Hey I'm Nate Fossum I'm a professional archaeologist currently working in North Texas and I specialized in the archaeology of the indigenous peoples of North America prior to the colonisation by Europeans especially in what we call the Eastern woodlands regional and I've done so for more than ten years today I want to talk about a meme that I gets in .
On a fairly regular basis that ask the question how old does something have to be before it's archaeology instead of grave-robbing and this kind of gets that a couple of misconceptions about what archaeology is and what we actually do first off speaking for the United States of America we have a law in place called NAGPRA the North American graves .
Protection and repatriation act it was passed in 1990 and this law means that if I'm working on a site and I encounter human remains that are found not to be recent you know from a recent murder victim said the jurisdiction over what happens to those remains falls squarely on the shoulders of federally recognized tribes so I'm not allowed to touch those .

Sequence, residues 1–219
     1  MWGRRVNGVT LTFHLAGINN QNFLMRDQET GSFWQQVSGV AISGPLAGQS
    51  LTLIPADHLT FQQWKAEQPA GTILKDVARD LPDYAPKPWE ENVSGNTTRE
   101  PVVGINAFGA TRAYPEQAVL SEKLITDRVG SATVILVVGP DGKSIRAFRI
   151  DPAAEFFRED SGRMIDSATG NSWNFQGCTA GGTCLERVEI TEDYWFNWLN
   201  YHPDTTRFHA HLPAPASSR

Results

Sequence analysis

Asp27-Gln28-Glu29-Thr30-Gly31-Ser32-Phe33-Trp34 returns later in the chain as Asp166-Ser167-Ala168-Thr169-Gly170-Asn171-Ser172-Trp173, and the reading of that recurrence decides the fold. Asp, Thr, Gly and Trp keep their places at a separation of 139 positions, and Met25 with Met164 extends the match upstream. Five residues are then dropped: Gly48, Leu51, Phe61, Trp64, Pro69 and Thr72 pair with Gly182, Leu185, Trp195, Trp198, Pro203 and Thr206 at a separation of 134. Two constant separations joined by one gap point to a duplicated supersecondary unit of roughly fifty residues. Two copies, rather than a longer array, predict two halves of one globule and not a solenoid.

Remains unless I have the permission or in more more appropriately the mandate by some kind of tribal authority to do so and when we do that those remains are removed from the ground they are sent back to the lab to have non-destructive analysis done so basically a lot of measurements and then they are returned to that tribal authority and they will .
Go through whatever process of repatriation to those remains that they deem appropriate but the other thing is that within North American or United States archaeological law anything 50 years and older is considered archeological I will work on sites that I've worked on sites in Cape Canaveral Florida where we .
Were looking for rocket parts from the early space program because those are now considered old enough to be part of the archaeological record I'll be at the recent archaeological record um that's really all I have for this one I hope you found that interesting and as always thank you for watching